Rome in anarchy

In 52 Rome began once more to disintegrate into anarchy and gang warfare. The former tribune P. Clodius was killed and a fire destroyed the Senate-house.  The Senate in panic granted Pompey emergency powers and made him sole consul; even the republican, Cato, felt that this was necessary. Pompey rose to the challenge, passed some tough laws to contain the violence and restored political normality by having a colleague (the father of his new wife, Cornelia) appointed consul in the same year. He had thus resisted the temptation to turn himself into a dictator on the model of Sulla.

Gaul: the final victory

In the same year Caesar faced another Gallic threat, this time from the great leader, Vercingetorix.  He put this down in September 52 at Alesia (near modern Dijon) in an extraordinary victory. He then moved south and took up his winter quarters in Ravenna in Cisalpine Gaul. 

Caesar marches south

News of Caesar’s victory reached Rome in the middle of 52. For the Senate it was a cause of alarm as much as celebration. They had become uneasy about his long tenure of command and they wished to prosecute him for illegally extending its term. Caesar for his part sought the same treatment that had been given to Pompey: the right to remain in command of his province and to hold the consulship again.  But this was intolerable to many in the Senate; if he were permitted to progress from a military command to a second consulship, he would at no stage be a private citizen and thus he would be immune from prosecution.  Moreover, in his campaigns he had amassed an astounding fortune. When he returned to Rome he would easily have enough money to bribe the citizens and he had battle-hardened veterans under his command to intimidate his opponents.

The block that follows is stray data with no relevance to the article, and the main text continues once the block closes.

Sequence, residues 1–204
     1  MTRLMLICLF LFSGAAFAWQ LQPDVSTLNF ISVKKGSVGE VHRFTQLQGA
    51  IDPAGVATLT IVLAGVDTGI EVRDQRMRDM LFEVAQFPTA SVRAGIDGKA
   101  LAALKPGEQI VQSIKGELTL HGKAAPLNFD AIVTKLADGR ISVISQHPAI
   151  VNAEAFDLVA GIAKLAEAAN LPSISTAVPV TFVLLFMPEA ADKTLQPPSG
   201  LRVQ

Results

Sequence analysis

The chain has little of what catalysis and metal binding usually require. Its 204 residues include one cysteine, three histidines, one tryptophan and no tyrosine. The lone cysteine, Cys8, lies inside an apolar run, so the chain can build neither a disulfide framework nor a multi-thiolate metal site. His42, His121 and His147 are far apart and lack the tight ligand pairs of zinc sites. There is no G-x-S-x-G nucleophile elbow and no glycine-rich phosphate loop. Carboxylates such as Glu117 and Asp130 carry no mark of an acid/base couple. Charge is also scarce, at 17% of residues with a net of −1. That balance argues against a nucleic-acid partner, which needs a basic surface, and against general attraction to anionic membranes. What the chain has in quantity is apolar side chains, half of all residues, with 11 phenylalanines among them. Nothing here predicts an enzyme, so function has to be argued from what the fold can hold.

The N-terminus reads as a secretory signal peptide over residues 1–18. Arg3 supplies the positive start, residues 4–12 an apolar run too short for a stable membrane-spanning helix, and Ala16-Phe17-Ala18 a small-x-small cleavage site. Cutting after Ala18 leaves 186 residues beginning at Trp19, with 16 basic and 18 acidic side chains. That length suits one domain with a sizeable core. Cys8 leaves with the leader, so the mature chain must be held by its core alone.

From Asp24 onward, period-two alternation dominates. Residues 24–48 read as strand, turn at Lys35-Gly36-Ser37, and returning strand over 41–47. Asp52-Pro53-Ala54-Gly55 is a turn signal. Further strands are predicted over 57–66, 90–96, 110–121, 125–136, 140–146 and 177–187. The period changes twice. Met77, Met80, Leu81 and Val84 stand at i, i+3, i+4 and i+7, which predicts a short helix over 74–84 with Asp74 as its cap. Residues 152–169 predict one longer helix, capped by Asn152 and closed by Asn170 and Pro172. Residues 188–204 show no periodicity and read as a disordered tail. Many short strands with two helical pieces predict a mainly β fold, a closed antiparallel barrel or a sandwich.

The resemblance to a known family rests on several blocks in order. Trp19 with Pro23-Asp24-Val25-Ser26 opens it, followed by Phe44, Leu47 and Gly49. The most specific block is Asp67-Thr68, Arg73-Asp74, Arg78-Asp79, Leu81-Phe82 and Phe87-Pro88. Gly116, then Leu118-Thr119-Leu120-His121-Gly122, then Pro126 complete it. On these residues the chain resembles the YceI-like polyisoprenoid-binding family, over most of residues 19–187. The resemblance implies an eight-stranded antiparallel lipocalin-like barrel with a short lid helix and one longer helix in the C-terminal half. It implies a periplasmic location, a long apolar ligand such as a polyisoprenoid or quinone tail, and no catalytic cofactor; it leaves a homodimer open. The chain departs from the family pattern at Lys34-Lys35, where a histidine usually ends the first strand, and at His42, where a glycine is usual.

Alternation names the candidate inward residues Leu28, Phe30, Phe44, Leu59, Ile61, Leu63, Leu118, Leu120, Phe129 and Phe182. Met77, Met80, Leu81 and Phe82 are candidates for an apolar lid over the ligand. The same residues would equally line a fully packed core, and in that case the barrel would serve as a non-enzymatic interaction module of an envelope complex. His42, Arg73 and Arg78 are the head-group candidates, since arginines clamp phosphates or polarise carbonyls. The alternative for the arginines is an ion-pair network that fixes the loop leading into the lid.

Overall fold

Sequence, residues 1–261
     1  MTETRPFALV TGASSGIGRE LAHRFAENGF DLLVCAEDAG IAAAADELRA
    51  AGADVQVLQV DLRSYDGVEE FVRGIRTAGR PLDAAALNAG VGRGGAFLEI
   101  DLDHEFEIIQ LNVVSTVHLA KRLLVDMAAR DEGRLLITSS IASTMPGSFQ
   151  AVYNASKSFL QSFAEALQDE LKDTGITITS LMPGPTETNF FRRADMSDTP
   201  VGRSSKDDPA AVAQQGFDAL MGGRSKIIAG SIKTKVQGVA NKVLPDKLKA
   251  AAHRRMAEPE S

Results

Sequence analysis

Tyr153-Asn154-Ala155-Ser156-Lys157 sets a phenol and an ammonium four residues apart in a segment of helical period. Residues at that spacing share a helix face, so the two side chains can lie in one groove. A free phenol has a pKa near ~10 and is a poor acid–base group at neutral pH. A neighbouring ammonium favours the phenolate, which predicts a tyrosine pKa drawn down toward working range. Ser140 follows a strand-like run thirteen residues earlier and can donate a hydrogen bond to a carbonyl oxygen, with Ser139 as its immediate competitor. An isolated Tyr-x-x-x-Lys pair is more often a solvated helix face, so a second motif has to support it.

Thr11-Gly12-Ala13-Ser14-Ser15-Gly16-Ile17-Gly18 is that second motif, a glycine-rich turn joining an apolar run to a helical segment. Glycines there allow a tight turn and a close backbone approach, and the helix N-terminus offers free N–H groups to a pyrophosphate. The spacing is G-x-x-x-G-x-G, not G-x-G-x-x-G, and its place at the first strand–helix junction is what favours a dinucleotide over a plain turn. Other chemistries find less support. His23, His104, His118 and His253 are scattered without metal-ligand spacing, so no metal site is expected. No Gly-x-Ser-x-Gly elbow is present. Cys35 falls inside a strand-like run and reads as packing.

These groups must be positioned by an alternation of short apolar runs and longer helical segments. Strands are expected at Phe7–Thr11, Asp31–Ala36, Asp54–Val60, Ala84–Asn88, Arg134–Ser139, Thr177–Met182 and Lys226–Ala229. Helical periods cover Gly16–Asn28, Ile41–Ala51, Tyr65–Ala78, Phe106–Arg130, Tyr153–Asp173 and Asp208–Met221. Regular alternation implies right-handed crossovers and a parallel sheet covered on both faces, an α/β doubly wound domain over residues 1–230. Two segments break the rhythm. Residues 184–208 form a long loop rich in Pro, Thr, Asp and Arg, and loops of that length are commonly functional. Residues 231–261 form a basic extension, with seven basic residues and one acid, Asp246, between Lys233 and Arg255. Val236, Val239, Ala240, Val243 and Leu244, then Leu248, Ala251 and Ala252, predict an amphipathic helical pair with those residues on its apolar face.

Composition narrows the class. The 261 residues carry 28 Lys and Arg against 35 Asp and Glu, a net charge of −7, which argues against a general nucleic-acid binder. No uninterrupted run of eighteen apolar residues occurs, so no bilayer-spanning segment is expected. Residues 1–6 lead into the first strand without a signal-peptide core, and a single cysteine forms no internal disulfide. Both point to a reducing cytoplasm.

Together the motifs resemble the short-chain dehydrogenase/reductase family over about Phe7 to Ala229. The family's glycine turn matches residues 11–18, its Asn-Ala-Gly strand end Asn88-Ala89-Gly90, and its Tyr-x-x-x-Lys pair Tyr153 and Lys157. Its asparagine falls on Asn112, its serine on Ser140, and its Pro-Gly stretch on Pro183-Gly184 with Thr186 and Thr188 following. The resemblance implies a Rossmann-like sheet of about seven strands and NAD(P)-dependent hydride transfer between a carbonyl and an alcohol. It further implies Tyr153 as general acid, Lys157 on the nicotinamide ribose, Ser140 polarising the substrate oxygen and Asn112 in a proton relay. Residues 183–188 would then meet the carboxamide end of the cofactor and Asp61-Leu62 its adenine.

The Senate then moved against Caesar, who was now stationed at Ravenna in Cisalpine Gaul with the Thirteenth Legion.  On 7 January 49 BC a state of emergency was proclaimed and Pompey moved his troops into Rome.  The Senate then passed the senatus consultum ultimum, which would have outlawed Caesar if he returned to the Republic. Caesar’s ally in the Senate, the tribune Marcus Antonius, and two other allies of Caesar, disguised themselves as slaves and fled to Ravenna. 

On (probably) 10 January Caesar advanced with his troops from Ravenna to Ariminium. In doing so, he crossed the Rubicon, the narrow stream that separated Cisalpine Gaul from Italy and broke Rome’s law of treason that forbade a governor to exercise imperium (the right to command) outside his allocated province. (This law had been formulated by Sulla with the aim of curbing such acts against the government.) In crossing the river, Caesar is alleged to have said, 
The die is cast’. 
The Civil War had begun.